Project Soundcheck: N.B. festivals training staff on how to prevent sexual assault
Published Monday, June 19, 2017 10:43AM ADT
Last Updated Tuesday, June 20, 2017 11:35AM ADT
As music festival season approaches, some organizers in New Brunswick are ensuring staff and volunteers know what to look for to determine whether a sexual assault is taking place at their event, and how to intervene if it does.
Project Soundcheck was created as a result of research conducted by an Ottawa doctor, who found that large events in the nation’s capital often draw unwanted behaviour.
“It was found that, of people presenting themselves to emergency rooms having been sexually assaulted, one out of every four, the sexual assault occurred at some sort of large event,” says Carly Furlong, a registered social worker in Fredericton.
The majority were young women, a third of which did not know their assaulter.
“Growing up on this side of the general line, I certainly understand rape culture,” says Sarah McAdam, organizer of Freedom Fest in the Field. “I have been in my own experiences where I could have used somebody helping me out, and having more people be trained in this is just better for me, it’s better for you, it’s better for everyone.”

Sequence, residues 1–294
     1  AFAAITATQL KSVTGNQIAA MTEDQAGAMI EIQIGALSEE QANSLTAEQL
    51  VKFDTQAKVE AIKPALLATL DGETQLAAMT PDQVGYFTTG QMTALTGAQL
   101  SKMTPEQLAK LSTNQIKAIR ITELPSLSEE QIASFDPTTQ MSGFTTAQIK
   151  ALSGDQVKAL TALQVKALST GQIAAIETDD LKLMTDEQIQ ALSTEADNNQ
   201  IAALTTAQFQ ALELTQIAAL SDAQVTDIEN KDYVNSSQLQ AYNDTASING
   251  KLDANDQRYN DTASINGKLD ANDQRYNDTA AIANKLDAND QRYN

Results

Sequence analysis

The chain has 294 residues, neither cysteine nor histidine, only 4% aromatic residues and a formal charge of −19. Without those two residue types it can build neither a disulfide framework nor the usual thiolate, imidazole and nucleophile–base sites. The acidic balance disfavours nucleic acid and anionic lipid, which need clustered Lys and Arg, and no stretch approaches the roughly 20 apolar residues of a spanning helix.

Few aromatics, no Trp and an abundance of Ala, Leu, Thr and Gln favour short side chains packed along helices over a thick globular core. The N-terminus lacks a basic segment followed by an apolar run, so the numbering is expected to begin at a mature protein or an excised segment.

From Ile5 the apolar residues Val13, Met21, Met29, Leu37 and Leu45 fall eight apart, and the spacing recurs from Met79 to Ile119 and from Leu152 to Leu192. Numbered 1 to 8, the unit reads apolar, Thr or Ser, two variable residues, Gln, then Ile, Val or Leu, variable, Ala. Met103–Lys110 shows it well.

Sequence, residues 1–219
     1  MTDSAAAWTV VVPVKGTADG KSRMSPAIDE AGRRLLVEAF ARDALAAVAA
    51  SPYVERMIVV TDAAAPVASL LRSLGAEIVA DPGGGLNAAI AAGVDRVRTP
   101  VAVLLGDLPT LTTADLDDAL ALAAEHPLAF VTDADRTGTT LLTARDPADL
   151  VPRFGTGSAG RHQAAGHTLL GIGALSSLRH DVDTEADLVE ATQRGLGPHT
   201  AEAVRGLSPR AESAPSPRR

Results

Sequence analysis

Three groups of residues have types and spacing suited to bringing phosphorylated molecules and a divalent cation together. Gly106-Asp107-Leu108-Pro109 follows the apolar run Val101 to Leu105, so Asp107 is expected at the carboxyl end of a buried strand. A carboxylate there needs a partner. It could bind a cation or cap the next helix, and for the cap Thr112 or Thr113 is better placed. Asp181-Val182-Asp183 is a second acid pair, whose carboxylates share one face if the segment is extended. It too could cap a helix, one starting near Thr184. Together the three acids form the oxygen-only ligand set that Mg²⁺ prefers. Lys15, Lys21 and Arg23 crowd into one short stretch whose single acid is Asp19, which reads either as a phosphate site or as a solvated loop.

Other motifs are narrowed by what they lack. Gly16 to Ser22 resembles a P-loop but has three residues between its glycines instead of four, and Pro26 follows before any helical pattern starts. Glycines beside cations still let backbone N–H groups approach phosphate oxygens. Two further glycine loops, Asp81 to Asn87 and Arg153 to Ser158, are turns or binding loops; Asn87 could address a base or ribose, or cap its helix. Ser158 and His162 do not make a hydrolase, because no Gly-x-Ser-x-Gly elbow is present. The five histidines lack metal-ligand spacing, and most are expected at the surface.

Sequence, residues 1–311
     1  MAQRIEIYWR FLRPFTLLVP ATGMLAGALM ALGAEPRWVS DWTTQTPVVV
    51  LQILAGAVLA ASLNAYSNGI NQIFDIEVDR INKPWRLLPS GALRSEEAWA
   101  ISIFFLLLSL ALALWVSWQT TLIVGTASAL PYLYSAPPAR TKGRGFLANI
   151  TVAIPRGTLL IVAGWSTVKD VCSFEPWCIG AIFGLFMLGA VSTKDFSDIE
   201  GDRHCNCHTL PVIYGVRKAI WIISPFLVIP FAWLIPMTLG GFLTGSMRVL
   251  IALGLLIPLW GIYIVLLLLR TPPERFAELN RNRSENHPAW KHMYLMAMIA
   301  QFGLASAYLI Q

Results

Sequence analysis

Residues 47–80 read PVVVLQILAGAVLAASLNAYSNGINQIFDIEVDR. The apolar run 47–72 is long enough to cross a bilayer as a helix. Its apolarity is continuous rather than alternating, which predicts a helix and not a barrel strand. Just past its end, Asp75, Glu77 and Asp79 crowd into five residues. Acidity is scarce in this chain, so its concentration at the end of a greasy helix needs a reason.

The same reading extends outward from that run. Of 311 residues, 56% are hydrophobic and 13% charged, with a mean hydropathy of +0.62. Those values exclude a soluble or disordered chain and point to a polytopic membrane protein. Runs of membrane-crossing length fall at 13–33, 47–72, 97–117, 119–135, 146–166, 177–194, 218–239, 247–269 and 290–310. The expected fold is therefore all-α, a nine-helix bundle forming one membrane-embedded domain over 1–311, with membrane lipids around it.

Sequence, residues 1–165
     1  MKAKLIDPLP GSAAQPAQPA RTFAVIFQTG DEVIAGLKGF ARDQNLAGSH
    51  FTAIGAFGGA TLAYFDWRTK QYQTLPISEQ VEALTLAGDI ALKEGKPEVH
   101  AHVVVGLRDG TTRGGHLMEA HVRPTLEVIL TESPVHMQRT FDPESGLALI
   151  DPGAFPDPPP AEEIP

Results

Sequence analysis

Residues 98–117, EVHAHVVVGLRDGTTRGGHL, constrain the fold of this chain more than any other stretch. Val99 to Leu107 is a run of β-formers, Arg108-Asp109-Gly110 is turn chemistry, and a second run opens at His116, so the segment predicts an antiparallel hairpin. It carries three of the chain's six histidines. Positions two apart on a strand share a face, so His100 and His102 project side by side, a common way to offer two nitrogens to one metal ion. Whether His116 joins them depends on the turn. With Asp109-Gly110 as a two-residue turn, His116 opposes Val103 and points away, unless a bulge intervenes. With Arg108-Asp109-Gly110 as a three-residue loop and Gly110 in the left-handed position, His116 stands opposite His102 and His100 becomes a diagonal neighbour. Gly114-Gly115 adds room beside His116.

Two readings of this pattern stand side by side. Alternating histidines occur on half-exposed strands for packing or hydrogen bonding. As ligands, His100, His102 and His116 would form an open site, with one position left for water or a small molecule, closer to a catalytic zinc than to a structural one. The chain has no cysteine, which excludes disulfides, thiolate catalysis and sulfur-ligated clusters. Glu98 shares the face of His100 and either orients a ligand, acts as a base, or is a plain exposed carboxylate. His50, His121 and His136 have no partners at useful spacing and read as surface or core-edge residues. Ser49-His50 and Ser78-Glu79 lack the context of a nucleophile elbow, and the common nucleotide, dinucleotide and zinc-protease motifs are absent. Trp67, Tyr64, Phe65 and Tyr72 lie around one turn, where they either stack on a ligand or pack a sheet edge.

Project Soundcheck is a joint initiative from the Sexual Assault Network in Ottawa and the Ottawa Coalition to End Violence Against Women. When McAdam heard about Project Soundcheck, she knew she wanted her staff to be trained ahead of the music festival, which is set to take place in Harvey, N.B. in August.
“Every music festival, every event, everything with more than 50 people at it, if you’re having a big house party, consider getting this training,” advises McAdam.
She brought the idea to the Fredericton Sexual Assault Crisis Centre, which is now training staff at the Folly Fest, Future Forest, Freedom Fest and Evolve festivals.
“We try to increase confidence by practising actual intervention skills, so there’s four different skills that we do case scenarios, talk about what you can do in situations,” says Furlong. “The big message is that there’s never a time when you can’t do something.”
McAdam says she was thrilled at how quickly the Fredericton Sexual Assault Crisis Centre and other music festivals jumped on board with Project Soundcheck.
“I was just blown away that it was just an easy, quick, ‘Yes, absolutely. We want this, we need this, give it to us.’ It shows that the world is turning in that direction,” she says.
The Harvest Jazz and Blues Festival has also shown interest in training staff to ensure eventgoers feel safe and enjoy the show.
With files from CTV Atlantic's Laura Brown